Survey Sample Sizes: How Many Respondents Do You Really Need?Today’s guest post is by Gary Angel, Gary co-founded Semphonic and is president and chief technology officer. You can read more articles by Gary at the Semphonic Blog.

We just finished our annual web analytics conference – the Web Analytics X Change. The conference is unusual in that it’s all small group discussions with enterprise practitioners. It’s a great format for hearing what’s really bugging people. As part of the conference, I attended a session focused on survey research and online behavioral integration. One of the most intensely debated topics was online survey sample size.

It’s a big issue because many organizations find themselves deploying almost as many different surveys as tags and they don’t want to suffer too much from “uncertainty principle syndrome” – damaging the user experience that they’re trying to measure.

How many respondents are really enough?

There are two schools of thought about sample size – one is that as long as a survey is representative, a relatively small sample size is adequate. Perhaps 300-500 respondents can work. The other point of view is that while maintaining a representative sample is essential, the more respondents you have the better.

This is a big issue because it impacts all sorts of decisions including the length of your survey, your collection mechanism, and, of course, you’re sampling rate.

So what’s the right answer?

If you aren’t integrating your survey data with web behavioral data, then a relatively small sample size might be okay (I’d emphasize the might). But if you want to combine behavioral analysis and survey data, then forget a sample 300 or 500 respondents. Those numbers simply won’t work.

Let me give you a real-world example showing why that’s true. We’re working right now with a client that samples approximately 1000 site visitors a month for their satisfaction survey. They asked us to do a study of the impact of using one of two internal search tools on their site on both overall site satisfaction and visit accomplishment.

On this site, search is used in about 10% of visits. Since the site gets more than 10 million visits a month, that still yields a heckuva lot of behavior to study – more than 1 million search visits every month. No problem there.

But our representative sample only captured about 100 respondents who’d used search.

Between the two search tools, one served about 70% of the queries. So for the second search tool, we had about 30 respondents to deal with. Getting the picture?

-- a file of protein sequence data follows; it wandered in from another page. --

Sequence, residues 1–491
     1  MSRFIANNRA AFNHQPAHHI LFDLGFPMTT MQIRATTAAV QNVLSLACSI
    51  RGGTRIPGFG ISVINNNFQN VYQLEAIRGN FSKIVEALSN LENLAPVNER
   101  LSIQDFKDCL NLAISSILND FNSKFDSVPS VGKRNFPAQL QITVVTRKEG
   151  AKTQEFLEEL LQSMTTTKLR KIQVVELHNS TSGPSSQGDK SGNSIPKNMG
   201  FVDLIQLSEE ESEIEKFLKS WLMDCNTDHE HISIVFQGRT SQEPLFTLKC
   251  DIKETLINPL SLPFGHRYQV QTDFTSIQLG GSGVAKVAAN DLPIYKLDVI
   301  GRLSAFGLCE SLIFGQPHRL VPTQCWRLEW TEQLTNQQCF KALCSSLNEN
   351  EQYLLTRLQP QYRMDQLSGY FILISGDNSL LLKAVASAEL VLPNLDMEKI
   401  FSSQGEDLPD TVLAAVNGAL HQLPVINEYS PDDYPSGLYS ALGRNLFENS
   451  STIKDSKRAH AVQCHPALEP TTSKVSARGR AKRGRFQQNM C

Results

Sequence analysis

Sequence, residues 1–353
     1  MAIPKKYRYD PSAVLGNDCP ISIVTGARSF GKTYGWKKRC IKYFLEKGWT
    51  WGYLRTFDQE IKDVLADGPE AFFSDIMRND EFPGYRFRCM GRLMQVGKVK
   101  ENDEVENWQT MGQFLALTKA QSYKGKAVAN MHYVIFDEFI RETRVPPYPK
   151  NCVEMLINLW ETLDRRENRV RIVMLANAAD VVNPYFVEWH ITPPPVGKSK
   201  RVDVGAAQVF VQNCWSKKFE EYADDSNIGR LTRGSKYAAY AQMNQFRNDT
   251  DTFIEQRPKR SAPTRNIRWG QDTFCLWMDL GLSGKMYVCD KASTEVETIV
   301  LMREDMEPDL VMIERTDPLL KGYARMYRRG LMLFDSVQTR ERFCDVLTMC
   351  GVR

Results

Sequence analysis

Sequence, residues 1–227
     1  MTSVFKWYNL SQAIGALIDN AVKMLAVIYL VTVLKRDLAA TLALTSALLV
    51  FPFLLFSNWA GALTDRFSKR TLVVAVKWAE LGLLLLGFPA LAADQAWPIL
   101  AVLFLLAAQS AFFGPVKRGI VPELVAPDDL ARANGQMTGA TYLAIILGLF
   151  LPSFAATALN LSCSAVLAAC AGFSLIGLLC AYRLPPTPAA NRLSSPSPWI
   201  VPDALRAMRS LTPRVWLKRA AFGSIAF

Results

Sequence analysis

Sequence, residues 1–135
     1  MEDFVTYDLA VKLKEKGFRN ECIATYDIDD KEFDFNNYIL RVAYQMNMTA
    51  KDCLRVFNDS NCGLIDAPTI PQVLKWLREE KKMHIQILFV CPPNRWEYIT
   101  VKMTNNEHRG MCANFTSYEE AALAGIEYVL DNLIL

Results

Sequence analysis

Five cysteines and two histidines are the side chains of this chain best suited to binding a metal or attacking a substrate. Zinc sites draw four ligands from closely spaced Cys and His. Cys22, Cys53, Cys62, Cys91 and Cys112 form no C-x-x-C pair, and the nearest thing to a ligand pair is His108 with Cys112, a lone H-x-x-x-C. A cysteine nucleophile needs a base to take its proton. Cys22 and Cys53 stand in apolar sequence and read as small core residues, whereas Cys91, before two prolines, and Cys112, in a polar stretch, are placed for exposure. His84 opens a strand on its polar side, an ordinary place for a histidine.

For our analysis, we wanted to track visit reason vs. satisfaction vs. outcomes for searchers. With some visit reasons only accounting for about 10% of visits, there were cases where we were supposed to analyze the outcomes for all of 3 visitors.

And that’s with a survey size of 1000 and a relatively simple cross-tabulation of visit intent and one fairly common behavior. Sure, we could add lots more months to the picture. But tracking behavior over extended periods of time adds all sorts of complications to the analysis. The combination of seasonality, site change and macro-economic change make this dangerous. Very few of our client sites remain constant for six months.

If doing behavioral analysis with 1000 survey respondents is challenging, imagine what it would be like with a sample size of 300. Impossible.

So what’s the right answer?

If I had my druthers, I’d recommend that high volume sites strive for a much higher sample size – something like 15K would be nice on a monthly basis.

Is that too much for your user experience to bear? Obviously, the answer depends on your site volume and your take-up and completion rates.

You can’t do much about volume, but if your survey length is impacting your take-ups or completion rates, then I’d be willing to sacrifice a whole bunch of questions to get to the increased size. The fact is that on many 30-40 question surveys, we’d only expect to use at most 5-10 of those questions in a behavioral analysis. I’d bet even money that your analysts feel that same way and that a heavy majority of questions on many long surveys hardly ever get studied at all.

At some point you may have to make a decision: do you want a whole lot of really shallow information or do you actually want to do analysis on a narrower set of data?

So when it comes to behavioral analysis combined with survey integration, the right answer is pretty obvious. A representative sample is essential, but size really does matter. Let yourself get talked into a 300 person sample, and you might as well throw all that work you did to integrate online survey data with behavioral data in the junk pile.

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